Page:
Thirty-three illegal migrants from Bangladesh were arrested by the Alwar police on Sunday, who also recovered Aadhaar cards from 20 of them. The Bangladeshi nationals were arrested in a joint operation by CID (crime), intelligence bureau (IB) and Neemrana police.
While 11 of them are women, 11 are children. A few of them admitted that they got the Aadhaar card by paying Rs 200 each to the owner of an e-mitra centre. Some of them have been obtained under a local address, while several others had West Bengal addresses. “How the migrants managed to get these cards will be investigated. Most of them have given fake addresses,” said Hitesh Sharma, SHO, Neemrana.“During interrogation, one of the arrested, identified as Vijay Nurey, said that he got the Aadhaar card made from Maanjri town of Alwar district after paying Rs 200 to the owner of the emitra centre,” said a senior officer. IB had information about Bangladeshis staying in the area for a long time. “They came to India three years ago after crossing the West Bengal border by paying Rs 1,000 to some agents. They frequently changed cities and towns to avoid getting caught and shifted to Rajasthan six months ago,” the officer added.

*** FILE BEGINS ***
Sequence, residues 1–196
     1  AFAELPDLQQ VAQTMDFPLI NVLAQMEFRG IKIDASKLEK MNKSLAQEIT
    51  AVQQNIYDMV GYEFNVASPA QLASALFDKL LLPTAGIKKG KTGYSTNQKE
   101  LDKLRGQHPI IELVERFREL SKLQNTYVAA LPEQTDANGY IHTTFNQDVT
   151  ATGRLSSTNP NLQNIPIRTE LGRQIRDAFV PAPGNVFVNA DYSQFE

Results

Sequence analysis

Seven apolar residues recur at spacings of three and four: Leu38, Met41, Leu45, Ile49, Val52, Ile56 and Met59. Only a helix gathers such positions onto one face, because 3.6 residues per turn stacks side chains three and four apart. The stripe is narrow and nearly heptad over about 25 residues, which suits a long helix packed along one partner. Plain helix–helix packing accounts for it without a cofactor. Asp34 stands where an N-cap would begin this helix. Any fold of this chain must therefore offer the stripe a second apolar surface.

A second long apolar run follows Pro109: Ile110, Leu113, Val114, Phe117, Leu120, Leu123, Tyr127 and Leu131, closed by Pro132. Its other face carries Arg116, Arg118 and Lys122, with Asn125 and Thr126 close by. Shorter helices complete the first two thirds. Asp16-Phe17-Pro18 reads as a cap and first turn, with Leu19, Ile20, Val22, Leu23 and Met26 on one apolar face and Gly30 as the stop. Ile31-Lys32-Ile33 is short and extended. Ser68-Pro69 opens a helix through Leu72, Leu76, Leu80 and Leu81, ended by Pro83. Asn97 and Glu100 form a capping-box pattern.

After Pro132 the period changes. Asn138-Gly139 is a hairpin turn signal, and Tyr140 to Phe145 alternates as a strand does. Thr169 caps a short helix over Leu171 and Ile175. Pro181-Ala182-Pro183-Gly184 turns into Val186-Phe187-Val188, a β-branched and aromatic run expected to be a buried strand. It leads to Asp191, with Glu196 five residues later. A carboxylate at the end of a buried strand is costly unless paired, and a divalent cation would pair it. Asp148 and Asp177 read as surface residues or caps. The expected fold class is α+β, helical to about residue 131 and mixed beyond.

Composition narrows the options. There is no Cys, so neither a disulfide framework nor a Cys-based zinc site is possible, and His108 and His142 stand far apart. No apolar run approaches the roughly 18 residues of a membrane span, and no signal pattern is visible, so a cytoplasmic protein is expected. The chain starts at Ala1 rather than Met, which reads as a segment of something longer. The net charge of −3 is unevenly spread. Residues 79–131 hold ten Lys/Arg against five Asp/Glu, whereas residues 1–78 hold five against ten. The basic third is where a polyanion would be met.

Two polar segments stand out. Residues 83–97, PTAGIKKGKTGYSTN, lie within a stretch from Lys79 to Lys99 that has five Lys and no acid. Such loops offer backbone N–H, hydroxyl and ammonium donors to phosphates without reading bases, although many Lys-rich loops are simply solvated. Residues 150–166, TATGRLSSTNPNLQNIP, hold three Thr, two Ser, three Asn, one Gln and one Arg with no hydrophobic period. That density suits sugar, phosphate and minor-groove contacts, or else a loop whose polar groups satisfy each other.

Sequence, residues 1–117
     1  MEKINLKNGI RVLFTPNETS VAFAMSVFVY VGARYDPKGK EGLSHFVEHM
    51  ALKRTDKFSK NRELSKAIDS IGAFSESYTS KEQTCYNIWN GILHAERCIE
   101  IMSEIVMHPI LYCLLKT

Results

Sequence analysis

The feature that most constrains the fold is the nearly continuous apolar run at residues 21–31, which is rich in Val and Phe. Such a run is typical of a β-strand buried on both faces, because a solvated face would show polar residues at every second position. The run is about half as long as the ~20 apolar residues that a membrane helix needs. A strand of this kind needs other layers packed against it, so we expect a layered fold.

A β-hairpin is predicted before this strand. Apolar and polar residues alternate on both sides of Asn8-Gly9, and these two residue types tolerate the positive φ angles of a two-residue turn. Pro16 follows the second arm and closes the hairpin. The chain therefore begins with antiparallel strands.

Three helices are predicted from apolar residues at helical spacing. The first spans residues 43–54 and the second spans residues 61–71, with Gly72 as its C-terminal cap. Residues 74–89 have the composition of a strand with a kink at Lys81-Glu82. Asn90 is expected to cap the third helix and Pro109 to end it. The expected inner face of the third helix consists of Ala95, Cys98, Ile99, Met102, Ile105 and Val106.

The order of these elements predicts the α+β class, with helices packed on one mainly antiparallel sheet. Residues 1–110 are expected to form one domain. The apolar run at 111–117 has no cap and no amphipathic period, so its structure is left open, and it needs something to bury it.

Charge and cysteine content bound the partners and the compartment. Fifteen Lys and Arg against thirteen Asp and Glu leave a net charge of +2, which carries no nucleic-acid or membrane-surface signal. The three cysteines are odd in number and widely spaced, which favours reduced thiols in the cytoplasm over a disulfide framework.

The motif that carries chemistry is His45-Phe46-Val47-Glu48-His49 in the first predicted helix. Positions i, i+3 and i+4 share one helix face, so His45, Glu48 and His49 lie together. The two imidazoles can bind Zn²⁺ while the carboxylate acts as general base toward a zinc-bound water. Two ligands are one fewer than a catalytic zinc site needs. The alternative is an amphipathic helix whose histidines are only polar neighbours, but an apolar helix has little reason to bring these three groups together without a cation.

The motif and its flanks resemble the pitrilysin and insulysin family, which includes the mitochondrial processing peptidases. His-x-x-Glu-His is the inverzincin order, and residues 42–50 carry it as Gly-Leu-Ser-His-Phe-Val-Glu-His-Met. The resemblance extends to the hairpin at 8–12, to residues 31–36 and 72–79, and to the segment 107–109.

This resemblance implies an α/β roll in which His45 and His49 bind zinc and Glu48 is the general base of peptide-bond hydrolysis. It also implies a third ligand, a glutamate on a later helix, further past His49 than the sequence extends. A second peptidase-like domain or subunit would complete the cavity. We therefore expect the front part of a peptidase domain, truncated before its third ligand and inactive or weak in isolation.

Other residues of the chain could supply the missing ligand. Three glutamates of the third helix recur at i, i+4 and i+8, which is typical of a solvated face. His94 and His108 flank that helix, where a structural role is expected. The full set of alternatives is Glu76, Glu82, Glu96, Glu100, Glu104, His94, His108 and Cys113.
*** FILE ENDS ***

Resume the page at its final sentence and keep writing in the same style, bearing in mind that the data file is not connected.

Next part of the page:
Full story: https://timesofindia.indiatimes.com/city/jaipur/33-bangla-migrants-held-in-raj-aadhaar-cards-seized/articleshow/63874909.cms
While the government and UIDAI continue to promote Aadhaar as a reliable method of identification, the fact is that there is next to no verification of documents provided as proofs to procure the Aadhaar. The UIDAI argues that Enrollment Agencies are responsible for verification. However, the payments made for enrolling people for Aadhaar cannot realistically include checks of every document provided.
This inherent weakness of Aadhaar was pointed out all through by critics. There is next to no accountability for the issuance of Aadhaars. A lot of the operators are already discontinued, however the enrollments made by them – whether authentic or fraudulent continue to be treated as authentic without question.
The fact that an Aadhaar now works as identification without question increases the risk to national security. The risk is less from migrants who have come to try and make a living for themselves, and more from malicious actors – terrorists, criminals, money launderers and more who will find it very easy to create alternative identities in this manner.